|© UNICEF Liberia/2008/Tobey|
|UNICEF Executive Director Ann M. Veneman with Liberian children at a transit centre for girls in the capital, Monrovia.|
By Yvette Bivigou
MONROVIA, Liberia, 27 February 2008 – UNICEF Executive Director Ann M. Veneman has just completed a visit here to gain firsthand insights into the situation of children in post-conflict Liberia.
“It’s a country that has come out of a difficult time,” she said. “It is a country where we are also seeing tremendous progress, yet so much more to be done.”
After observing UNICEF’s community-based programmes in Liberia, Ms. Veneman cited advances in child protection, health, immunization and distribution of bednets to prevent malaria. Nevertheless, she noted, the country’s mortality rate for children under the age of five – which is the main measure of child health – remains among the highest in the world.
To bolster UNICEF’s efforts, Ms. Veneman announced more than $19 million in additional assistance to the country, mostly for education, bringing the total UNICEF contribution to Liberia to around $35 million for 2008.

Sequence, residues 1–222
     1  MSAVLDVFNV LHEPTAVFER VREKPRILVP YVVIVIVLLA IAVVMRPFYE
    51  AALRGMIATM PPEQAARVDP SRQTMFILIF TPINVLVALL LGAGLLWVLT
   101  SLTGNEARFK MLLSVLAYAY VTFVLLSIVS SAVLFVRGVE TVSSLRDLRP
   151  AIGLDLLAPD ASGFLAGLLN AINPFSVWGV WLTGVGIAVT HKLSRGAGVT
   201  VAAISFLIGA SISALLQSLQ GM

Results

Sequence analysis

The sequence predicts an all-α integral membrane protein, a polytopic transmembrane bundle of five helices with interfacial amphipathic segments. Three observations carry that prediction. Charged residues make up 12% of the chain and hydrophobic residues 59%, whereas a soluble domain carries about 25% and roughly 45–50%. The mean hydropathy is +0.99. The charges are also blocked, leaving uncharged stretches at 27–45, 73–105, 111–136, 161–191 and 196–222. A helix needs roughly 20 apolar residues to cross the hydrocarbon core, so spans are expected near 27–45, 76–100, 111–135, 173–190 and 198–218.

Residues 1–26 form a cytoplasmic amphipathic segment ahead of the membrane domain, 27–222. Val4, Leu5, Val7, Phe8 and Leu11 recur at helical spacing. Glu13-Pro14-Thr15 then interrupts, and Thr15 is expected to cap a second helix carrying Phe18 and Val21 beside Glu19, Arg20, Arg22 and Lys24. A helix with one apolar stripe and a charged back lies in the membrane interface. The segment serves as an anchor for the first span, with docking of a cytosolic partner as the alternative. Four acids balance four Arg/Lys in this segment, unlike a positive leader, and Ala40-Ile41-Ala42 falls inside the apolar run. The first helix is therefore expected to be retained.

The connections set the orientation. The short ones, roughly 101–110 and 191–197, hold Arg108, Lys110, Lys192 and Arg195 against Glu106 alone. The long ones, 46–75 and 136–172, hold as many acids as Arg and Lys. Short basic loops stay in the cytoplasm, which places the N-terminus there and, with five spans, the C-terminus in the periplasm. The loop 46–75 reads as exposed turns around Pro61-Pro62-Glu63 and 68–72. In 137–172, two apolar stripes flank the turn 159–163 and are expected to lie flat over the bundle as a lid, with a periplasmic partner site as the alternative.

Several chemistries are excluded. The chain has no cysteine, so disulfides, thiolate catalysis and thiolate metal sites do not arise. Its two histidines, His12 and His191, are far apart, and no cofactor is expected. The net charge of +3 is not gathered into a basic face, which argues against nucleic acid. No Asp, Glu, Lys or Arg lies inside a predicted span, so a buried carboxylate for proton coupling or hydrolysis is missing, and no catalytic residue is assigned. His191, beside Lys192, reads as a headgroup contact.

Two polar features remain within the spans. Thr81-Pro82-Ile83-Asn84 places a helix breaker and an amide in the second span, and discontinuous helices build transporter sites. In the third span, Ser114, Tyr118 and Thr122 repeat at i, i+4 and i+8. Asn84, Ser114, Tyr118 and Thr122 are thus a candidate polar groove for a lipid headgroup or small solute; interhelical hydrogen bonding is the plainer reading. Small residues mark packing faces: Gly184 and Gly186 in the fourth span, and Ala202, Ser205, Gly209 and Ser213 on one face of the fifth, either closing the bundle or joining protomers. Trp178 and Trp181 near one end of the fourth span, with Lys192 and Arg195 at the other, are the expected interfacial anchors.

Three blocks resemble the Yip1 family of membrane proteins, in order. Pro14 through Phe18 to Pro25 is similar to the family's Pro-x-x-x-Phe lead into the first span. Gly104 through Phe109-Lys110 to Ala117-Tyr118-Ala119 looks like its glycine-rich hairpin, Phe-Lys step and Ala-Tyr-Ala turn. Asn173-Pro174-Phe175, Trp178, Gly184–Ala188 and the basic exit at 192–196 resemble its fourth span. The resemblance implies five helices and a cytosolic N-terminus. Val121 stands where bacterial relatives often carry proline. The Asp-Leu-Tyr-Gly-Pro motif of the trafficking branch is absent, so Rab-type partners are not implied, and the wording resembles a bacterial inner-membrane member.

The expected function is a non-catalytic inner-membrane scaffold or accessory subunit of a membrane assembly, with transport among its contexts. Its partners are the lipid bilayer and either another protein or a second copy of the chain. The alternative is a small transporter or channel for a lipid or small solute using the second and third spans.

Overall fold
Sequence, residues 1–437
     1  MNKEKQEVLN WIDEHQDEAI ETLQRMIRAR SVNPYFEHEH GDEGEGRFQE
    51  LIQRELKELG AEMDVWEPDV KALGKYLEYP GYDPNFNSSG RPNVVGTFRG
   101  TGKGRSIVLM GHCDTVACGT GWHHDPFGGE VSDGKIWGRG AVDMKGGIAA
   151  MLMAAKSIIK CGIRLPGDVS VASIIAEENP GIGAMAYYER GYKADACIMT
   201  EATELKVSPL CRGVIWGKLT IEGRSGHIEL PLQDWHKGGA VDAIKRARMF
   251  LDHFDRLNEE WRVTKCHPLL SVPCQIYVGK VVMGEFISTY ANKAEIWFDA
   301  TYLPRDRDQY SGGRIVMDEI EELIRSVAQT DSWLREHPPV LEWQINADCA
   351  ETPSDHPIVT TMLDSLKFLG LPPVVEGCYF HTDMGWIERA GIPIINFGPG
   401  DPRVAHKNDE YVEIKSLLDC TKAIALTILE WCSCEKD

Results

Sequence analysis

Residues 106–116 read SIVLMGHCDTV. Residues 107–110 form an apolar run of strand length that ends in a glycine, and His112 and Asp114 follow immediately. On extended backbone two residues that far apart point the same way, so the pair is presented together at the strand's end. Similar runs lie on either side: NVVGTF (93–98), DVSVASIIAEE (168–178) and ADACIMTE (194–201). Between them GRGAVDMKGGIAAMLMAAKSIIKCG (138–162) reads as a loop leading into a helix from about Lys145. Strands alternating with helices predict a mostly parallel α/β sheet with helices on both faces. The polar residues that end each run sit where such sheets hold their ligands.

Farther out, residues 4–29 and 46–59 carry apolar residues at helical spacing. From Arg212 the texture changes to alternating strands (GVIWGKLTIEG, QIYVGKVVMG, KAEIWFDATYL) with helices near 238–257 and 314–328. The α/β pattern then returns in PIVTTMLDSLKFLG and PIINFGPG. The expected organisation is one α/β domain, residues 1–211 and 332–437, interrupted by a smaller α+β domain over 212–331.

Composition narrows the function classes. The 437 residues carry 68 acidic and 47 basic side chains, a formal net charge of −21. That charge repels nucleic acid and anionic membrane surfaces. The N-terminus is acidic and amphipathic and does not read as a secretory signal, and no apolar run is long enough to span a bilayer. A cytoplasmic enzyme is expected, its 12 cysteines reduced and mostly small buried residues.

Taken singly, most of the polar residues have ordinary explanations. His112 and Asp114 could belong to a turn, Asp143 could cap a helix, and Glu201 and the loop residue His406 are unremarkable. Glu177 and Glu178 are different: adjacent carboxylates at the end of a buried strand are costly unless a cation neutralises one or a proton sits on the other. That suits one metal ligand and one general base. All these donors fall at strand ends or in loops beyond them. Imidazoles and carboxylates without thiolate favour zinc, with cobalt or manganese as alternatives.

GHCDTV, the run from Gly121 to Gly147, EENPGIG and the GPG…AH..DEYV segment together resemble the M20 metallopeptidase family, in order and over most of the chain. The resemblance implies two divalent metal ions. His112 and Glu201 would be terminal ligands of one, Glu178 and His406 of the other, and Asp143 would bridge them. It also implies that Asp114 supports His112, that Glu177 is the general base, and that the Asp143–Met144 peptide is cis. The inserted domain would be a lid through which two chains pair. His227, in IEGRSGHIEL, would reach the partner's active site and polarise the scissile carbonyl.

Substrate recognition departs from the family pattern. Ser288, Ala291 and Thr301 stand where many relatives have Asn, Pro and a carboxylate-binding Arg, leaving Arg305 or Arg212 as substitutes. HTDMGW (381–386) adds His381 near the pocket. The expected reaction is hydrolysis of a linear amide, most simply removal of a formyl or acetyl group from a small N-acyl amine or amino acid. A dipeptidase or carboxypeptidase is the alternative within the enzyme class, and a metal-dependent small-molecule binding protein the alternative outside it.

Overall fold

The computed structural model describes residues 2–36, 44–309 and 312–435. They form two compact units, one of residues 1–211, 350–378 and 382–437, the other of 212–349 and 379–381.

During Liberia’s 14-year civil war, which ended in 2003, children’s most basic needs were unmet, their families’ livelihoods were disrupted and their opportunities for education disappeared. UNICEF’s multi-pronged approach to child survival is helping the country tackle the reconstruction of its health and education infrastructure, as well as addressing child protection issues.
As a result of the conflict, Liberia is one of the few countries where the adult population is more literate than the younger generation. The war destroyed at least 20 per cent of the public primary schools and badly damaged a further 12 per cent. The majority of children – even if they are now in school – are therefore lagging behind behind.
This is where UNICEF comes in, supporting the Accelerated Learning Programme (ALP), which reaches out to over-aged children who were associated with the fighting forces during the war. ALP, led by the Ministry of Education with support from UNICEF and a number of other international organizations, has come to the rescue of many children who missed out on schooling.
Support for business activities
Another strategy that is maintaining children in school, the Business Development Services (BDS) programme, works with demobilized children who graduate from vocational skills training and apprenticeships. The programme offers these graduates a range of skills and services to support the efficiency, profitability and expansion of the business activities they pursue.
“Before the skills training, we were all in the streets from one video club to another, but today we are grateful to UNICEF,” said one young BDS participant. “However, a special note to our mothers: Please listen to our cries, because our sisters and friends and brothers and relatives are still on the street.… They have to learn to be like us.”